Höweler is co-founding principal and partner of Höweler + Yoon Architecture LLP (HYA), a research-driven studio of 25 designers. HYA has a reputation for work that is technologically and formally innovative, and deeply informed by human experience and a sensitivity to tectonics. Current projects include the Institute of Democracy at the University of Virginia, and the Living Village residential college at the Yale Divinity School. Recent projects include the Memorial for Enslaved Laborers at the University of Virginia, the Collier Memorial, and the MIT Museum.

Dr. Lockley is a neuroscientist and lead investigator in the Division of Sleep and Circadian Disorders at Brigham and Women’s Hospital, and an associate professor of medicine in the Division of Sleep Medicine at Harvard Medical School. He is also an adjunct professor and VC fellow at the Surrey Sleep Research Centre, University of Surrey in the UK and adjunct professor in the School of Psychological Sciences at Monash University, Australia. He received his B.Sc. (Hons) in biology from the University of Manchester, UK and a PhD in biological sciences from the University of Surrey, UK. With 30 years of research experience, Dr. Lockley is considered an international authority on circadian rhythms and sleep in humans and how light can affect physiology, safety, and health. In addition to studying the mechanisms of human circadian photoreception under controlled laboratory conditions, he has also studied the benefits of multiple real-world lighting interventions including in the ICU, residential care homes, patients’ homes, offices, NASA Mission Control, and even the International Space Station. He has published over 200 research papers, reviews, book chapters and editorials and co-authored ‘Sleep: A Very Short Introduction” from Oxford University Press.

Sarah Markovitz is a principal and the health care design practice leader in NBBJ’s Boston studio. Her 32-year architecture career has been focused on assisting academic medical centers throughout the U.S. in development of high-performing, innovative solutions to their strategic, operational, and design challenges, through diligent research and application of health care design performance measures.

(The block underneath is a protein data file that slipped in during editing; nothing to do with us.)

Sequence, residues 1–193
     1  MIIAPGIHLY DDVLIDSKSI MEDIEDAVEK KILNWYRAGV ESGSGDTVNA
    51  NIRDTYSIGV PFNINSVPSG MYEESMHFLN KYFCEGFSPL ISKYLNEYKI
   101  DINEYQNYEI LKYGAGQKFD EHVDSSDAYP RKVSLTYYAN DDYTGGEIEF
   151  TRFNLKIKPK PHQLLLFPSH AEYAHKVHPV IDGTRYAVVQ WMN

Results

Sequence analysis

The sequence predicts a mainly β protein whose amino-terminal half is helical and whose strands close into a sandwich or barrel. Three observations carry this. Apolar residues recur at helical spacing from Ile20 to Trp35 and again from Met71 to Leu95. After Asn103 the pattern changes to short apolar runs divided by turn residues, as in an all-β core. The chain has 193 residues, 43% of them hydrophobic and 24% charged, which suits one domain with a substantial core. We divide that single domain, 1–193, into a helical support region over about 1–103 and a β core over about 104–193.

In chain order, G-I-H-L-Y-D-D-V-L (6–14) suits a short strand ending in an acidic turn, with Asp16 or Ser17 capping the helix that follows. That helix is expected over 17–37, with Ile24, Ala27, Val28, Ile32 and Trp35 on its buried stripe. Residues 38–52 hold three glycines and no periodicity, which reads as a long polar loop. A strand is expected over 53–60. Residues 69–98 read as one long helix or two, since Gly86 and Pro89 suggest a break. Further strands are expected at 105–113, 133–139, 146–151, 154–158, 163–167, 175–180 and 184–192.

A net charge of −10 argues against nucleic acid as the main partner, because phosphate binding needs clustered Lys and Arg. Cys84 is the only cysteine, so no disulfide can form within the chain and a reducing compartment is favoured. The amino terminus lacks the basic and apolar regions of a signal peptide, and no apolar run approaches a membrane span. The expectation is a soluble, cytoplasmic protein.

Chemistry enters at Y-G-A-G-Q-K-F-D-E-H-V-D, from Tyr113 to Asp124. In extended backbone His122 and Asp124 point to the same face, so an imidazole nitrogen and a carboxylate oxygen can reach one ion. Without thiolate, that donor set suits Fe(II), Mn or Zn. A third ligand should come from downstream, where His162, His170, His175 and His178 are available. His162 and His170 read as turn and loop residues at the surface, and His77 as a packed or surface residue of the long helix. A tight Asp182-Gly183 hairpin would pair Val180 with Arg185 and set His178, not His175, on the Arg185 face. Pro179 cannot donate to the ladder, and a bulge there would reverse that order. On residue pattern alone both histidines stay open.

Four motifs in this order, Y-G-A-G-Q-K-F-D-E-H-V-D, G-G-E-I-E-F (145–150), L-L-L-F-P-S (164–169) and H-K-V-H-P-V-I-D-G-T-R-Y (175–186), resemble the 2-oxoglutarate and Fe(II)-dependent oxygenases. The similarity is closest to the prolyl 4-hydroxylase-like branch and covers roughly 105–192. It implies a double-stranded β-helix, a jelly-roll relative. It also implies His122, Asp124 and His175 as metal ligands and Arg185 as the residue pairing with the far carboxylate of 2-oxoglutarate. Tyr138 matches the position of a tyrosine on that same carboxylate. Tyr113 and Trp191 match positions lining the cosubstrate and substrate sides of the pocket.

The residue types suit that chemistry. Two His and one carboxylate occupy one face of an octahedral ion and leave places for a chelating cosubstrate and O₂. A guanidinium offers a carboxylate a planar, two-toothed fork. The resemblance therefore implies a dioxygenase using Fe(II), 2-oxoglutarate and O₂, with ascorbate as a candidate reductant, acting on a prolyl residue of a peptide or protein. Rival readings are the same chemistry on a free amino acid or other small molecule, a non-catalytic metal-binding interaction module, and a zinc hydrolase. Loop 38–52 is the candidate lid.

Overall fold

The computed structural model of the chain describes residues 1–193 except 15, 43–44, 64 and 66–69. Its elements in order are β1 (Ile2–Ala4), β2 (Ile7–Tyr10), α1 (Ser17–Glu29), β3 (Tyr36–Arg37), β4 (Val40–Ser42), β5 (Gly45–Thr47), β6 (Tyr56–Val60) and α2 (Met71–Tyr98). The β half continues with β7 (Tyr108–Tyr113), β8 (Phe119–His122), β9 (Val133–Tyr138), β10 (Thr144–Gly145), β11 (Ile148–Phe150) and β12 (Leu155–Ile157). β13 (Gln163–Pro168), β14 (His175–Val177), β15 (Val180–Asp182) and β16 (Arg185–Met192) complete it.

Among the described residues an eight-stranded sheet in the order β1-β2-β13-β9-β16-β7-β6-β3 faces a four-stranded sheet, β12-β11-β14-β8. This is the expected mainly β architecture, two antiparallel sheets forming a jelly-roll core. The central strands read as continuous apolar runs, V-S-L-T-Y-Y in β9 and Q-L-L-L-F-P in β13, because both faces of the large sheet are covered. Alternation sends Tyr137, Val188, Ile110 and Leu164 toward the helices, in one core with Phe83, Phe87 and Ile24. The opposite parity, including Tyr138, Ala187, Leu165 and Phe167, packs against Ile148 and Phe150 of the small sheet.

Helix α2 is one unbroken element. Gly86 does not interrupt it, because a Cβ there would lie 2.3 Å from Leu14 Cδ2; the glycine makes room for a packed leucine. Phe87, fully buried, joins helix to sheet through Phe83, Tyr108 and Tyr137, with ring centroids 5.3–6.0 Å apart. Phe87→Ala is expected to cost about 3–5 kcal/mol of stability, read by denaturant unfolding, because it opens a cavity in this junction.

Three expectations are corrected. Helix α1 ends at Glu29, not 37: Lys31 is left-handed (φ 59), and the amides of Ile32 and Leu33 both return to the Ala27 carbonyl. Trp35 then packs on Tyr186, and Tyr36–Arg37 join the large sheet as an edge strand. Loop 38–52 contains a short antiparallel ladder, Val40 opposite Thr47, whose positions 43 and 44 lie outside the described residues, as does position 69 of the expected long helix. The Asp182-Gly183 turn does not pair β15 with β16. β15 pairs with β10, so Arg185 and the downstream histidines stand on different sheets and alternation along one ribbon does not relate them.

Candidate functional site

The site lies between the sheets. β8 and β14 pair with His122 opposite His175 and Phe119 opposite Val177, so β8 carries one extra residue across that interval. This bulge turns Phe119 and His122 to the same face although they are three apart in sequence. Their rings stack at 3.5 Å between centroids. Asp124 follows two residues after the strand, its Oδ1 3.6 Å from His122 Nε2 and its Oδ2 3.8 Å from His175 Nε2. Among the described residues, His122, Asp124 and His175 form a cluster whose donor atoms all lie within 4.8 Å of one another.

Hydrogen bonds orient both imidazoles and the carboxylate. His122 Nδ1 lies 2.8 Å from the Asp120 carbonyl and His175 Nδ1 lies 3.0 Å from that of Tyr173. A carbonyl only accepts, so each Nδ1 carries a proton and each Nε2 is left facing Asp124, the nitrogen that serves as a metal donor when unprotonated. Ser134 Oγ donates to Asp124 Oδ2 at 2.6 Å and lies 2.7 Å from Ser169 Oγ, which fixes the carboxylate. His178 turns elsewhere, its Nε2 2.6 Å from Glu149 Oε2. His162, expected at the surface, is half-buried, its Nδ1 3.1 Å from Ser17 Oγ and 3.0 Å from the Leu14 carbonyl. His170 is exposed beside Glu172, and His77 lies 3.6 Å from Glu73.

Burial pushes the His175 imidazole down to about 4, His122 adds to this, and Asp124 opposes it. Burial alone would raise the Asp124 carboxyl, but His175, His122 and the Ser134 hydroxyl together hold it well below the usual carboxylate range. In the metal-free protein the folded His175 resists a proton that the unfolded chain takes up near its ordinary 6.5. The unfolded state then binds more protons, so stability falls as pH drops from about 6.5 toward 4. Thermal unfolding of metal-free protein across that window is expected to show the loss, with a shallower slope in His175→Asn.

Markovitz’s recent projects include the Ragon and Lunder Buildings at Massachusetts General Hospital, Brigham and Women’s Hospital’s Hale Building for Transformative Medicine and NYU Langone Health’s Kimmel Building. She has led all levels of hospital personnel through strategic planning, visioning, goal-setting, and detailed planning for highly technical facilities.

She is a leader in infection prevention design, evidence-based design and Lean methodology. She has served as a writer and editor for the Facility Guidelines Institute’s Emergency Conditions design guide. Recently she participated in a CDC-grant project to establish safe environment design guidelines for patients with high consequence infectious diseases.

Markovitz adds value to her projects through her diligent research and application of health care design performance measures. She embraces the concerns of staff, advocates for patients and families, and designs and collaborates with broad user groups to develop, test, and implement to reach the most effective solutions. Her advocacy of clinical performance and patient experience is balanced by her concerns for sustainability, flexibility, and appropriate facility cost. 

Dr. Samuelson is an associate professor of architecture at the Harvard Graduate School of Design, teaching architectural technology courses. Her teaching and research focus on issues of building design that impact human and environmental health. Dr. Samuelson’s current projects harness advanced building simulation to investigate issues of heat vulnerability, sleep, mold, and indoor environmental quality, along with carbon emissions.

Dr. Samuelson has coauthored more than 40 peer-reviewed scientific papers, including a Best Paper awarded by the journal Energy and Buildings. A recognized expert in architectural technology, she has been interviewed by national media outlets, including The Washington Post, The Boston Globe, The Wall Street Journal, and STAT.

Prior to joining Harvard, she practiced full-time as an architect and sustainable design consultant.